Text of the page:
• “I am new to this field so was just excited to hear all the exciting work going on. I liked the size of the convention in general.”
  • “Seems culture is changing to become more welcoming of new ideas and collaborative.”
  • “The opportunity to learn ultrasound from multiple specialties with their different areas of focus and expertise. Courses run by speakers from multiple specialties provided different insights and perspectives.”
  • “Great people involved, SonoSlam was super fun, I enjoyed several of the didactic sessions.”
  • “The hands-on fetal echo course with Dr. Solomon was excellent. Wish I could work with her for several weeks.”
  • “I really liked that this conference could bring together many disciplines. I like the way the format was laid out by interest. Worked very, very well.”

The great thing about the Annual Convention is that we all learn. Attendees learn tips, techniques and resources that help them succeed and the AIUM learns how it can make this event even better. While the 2016 Annual Convention is over, we are already hard at work on the 2017 Annual Convention that will be held March 25-29 in Orlando.

Did you attend this year’s event? If so, share your thoughts and feedback. Going next year? Let us know what you want to learn! Comment below or let us know on Twitter: @AIUM_Ultrasound.

Peter Magnuson is AIUM’s Director of Communications and Member Services.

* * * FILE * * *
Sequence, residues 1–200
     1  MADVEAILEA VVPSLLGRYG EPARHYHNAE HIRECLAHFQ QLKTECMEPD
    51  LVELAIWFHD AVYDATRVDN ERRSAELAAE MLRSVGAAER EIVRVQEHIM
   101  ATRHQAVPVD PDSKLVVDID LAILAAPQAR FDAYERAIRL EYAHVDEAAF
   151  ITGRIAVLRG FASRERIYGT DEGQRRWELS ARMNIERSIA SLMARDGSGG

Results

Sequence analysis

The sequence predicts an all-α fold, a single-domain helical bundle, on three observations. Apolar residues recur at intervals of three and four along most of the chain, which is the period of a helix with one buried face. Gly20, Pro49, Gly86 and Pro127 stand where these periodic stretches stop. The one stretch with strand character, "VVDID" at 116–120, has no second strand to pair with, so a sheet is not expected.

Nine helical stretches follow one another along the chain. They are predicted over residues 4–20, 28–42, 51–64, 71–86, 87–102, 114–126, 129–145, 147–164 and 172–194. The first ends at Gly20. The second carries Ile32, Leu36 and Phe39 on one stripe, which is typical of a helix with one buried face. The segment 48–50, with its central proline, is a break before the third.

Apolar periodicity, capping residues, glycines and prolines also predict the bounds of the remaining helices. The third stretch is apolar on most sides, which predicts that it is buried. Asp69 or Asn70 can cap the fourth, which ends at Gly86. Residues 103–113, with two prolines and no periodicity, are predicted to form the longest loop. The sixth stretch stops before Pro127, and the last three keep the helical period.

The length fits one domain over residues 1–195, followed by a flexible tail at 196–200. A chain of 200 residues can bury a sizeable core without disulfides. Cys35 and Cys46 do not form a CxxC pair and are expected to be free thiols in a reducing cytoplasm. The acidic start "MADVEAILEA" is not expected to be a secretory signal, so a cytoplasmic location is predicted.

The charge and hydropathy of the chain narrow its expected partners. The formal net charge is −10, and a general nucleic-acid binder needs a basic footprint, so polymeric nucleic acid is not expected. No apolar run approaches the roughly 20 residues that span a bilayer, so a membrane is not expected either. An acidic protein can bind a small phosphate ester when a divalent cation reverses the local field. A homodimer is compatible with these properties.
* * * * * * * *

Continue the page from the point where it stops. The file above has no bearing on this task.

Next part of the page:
Why I Attended AIUM’s MSK Course

In late 2014, I attended the AIUM MSK ultrasound course that was held at the USOC facilities in Colorado Springs. Why, you might ask? Well, here are four reasons I did.

  1. Focus—I do a lot of MSK ultrasound (I have my RMSK and my practice is AIUM accredited) but I do not see a lot of hand and wrist. Since the focus was going to be on upper extremity I felt that this would be a chance to get a good review of hand, wrist and elbow.
  2. USOCKiller faculty—Jay Smith, Lev Nazarian, Tony Bouffard and Jon Jacobson were all on the schedule. Combine them with a limited number of attendees and I knew I would get to interact with them on a more personal level.
  3. Great format—The way the content was structured really appealed to me. I like how we had a lecture, followed immediately by a live scan and then the ability to scan patients. It was excellent and really brought the lecture material right into practice.